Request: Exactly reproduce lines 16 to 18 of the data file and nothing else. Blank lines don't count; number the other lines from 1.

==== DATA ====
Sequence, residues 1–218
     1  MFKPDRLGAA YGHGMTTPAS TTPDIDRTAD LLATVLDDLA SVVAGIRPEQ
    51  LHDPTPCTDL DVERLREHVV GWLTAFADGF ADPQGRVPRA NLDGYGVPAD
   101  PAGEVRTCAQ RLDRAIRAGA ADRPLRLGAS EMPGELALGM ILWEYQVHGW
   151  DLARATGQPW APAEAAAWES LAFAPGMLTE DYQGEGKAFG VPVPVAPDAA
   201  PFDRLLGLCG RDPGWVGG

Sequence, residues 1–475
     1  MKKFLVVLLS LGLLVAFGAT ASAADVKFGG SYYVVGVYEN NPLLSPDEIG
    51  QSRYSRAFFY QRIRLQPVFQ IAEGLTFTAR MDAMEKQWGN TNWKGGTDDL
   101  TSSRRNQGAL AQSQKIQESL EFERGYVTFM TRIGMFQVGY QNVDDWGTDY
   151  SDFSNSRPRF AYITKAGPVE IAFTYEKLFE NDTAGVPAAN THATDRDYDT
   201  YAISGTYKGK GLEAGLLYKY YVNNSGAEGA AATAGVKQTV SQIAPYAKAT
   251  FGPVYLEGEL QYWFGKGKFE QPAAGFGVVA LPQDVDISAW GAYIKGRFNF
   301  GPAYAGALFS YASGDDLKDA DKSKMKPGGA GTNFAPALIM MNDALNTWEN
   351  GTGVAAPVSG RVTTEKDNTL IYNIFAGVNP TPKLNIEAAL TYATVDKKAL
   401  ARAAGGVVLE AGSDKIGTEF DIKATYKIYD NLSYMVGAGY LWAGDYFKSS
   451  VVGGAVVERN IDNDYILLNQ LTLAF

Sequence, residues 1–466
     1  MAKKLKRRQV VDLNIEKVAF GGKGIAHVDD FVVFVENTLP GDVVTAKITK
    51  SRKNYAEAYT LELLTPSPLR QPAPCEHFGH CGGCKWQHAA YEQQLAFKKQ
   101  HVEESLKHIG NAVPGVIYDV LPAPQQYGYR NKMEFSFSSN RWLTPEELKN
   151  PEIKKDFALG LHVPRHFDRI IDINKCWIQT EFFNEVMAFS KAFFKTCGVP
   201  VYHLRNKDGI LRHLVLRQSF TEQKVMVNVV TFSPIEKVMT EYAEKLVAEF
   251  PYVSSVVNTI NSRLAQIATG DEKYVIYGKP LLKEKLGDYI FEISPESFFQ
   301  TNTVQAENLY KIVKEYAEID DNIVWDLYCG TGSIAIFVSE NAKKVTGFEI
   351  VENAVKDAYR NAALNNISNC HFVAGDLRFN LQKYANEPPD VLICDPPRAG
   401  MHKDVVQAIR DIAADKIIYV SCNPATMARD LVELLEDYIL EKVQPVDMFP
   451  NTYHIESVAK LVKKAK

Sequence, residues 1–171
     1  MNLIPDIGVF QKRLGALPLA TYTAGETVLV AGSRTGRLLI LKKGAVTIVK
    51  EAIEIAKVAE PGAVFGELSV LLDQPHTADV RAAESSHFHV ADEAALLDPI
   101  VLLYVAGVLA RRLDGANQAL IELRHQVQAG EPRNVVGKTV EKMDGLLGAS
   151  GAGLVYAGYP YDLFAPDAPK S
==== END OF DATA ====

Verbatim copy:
   401  ARAAGGVVLE AGSDKIGTEF DIKATYKIYD NLSYMVGAGY LWAGDYFKSS
   451  VVGGAVVERN IDNDYILLNQ LTLAF

Sequence, residues 1–466